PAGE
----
Harvey was also the last pitcher to go eight innings in a World Series game until … Stephen Strasburg got the win in Game 7 of the 2019 World Series.

The batting stance to end all batting stances

What was the most beautiful thing to see in Game 7 of the 2001 World Series? No, it wasn't the purple D-backs uniforms, nor was it Matt Williams' perfectly shaved head. Rather, it was Craig Counsell's insane batting stance.

Just look at him — his stance is more like someone trying to reach the back of a tall shelf with a broom rather than a batting stance.

After Counsell was hit by a pitch to load the bases, Luis Gonzalez came up to win the Series for Arizona. Bet he never could have done it without Craig.

Abraham Toro has a day

You may have tuned into the Astros-Blue Jays game from Sept. 1, 2019, to watch Justin Verlander's third career no-hitter. But while Verlander may have been the star that day, none of it would have mattered without Toro.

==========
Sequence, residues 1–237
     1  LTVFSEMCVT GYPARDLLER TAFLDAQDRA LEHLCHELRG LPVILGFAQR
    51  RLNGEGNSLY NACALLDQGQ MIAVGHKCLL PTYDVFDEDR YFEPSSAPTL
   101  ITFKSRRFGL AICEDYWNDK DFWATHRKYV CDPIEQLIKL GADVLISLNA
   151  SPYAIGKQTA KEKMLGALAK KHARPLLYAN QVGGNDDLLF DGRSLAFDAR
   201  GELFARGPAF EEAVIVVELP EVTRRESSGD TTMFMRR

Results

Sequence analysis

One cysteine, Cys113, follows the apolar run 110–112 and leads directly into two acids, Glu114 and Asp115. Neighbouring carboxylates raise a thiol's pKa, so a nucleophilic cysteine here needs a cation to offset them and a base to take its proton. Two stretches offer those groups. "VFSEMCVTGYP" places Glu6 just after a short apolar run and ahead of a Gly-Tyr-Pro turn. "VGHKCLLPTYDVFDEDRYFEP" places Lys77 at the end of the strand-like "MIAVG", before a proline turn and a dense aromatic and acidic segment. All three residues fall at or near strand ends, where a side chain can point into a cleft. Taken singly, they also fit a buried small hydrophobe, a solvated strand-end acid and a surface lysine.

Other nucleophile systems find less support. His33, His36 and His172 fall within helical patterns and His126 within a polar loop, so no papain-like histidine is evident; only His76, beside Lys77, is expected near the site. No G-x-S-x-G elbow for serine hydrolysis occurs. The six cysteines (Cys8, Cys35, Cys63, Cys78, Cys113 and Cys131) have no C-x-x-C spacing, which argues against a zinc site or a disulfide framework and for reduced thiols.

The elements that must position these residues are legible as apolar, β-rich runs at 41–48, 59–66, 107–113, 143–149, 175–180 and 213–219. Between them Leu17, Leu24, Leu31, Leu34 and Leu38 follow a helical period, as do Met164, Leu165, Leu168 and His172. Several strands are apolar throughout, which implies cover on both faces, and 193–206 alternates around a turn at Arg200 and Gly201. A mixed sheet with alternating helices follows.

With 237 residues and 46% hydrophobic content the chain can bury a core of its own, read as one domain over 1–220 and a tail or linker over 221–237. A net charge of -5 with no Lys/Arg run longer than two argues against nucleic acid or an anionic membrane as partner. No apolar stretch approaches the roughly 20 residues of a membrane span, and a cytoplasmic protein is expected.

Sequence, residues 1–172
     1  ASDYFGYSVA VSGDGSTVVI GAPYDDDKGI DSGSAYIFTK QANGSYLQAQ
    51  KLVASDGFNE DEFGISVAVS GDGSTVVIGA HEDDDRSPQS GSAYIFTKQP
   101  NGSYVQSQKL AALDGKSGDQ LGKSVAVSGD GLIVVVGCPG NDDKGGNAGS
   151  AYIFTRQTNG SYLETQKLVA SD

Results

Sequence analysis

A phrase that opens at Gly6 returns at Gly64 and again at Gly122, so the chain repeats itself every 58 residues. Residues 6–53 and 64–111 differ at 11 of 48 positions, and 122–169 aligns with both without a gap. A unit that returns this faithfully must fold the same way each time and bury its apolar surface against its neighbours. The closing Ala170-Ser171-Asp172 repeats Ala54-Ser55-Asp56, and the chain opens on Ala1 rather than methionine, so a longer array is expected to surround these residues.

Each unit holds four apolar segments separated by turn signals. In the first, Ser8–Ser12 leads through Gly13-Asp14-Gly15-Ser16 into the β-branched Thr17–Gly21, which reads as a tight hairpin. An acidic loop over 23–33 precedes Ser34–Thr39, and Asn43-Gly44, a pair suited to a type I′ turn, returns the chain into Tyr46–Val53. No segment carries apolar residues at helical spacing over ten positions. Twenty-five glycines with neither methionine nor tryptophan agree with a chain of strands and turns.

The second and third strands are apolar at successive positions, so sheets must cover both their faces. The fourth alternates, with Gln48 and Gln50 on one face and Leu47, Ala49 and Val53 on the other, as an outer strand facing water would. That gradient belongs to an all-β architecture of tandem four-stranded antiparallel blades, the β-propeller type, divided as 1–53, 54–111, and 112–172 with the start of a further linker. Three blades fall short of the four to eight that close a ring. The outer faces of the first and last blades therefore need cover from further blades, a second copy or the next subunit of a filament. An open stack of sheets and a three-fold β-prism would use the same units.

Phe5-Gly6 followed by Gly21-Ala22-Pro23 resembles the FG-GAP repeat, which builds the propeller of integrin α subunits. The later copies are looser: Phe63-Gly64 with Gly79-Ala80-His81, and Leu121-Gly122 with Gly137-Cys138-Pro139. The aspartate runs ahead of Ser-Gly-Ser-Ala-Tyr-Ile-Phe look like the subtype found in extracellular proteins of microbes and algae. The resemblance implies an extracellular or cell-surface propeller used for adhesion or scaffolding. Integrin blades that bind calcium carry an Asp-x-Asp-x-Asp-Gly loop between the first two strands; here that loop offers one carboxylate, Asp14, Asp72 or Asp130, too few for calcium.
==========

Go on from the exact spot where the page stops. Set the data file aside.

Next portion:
The third baseman was playing in just his eighth career game when he got the nod at the hot corner. He made arguably the hardest defensive play of the day just one out into the game when he raced in to glove Vlad Guerrero Jr.'s slow roller and throw him out at first.

Jump forward to the ninth inning and it was Toro's two-run homer that gave the Astros the lead. Naturally, Toro was called on again for the 27th out, as Verlander got Bo Bichette to ground out to third base to end the game.

Nelson Cruz's home run

Listen, we all know what happened in the 2011 World Series. David Freese hit that triple and, well, if Cruz got a better read on that fly ball, maybe the Rangers win the World Series. It's easy to blame Cruz.

But you have to remember: If not for Cruz, the Rangers likely don't even reach the World Series. The power hitter had just come off winning the ALCS MVP after crushing six home runs against the Tigers, and he hit two more against the Cardinals in the World Series.

One of them came in Game 6, when Cruz and Adrián Beltré went back-to-back to give Texas a 6-4 lead. In another world, these are the home runs that ended the Series, and would have made Cruz the likely World Series MVP.

Kevin Millar's hair

This is probably the real reason the Yankees blew the 3-0 Series lead in 2004. They were blinded by the hydrogen peroxide that Millar had dumped on his head.

Do you have a favorite forgotten moment from Opening Day at Home that we didn't highlight? Tweet it out with the hashtag #OpeningDayAtHome to let everyone else know about it.

Source: mlb.com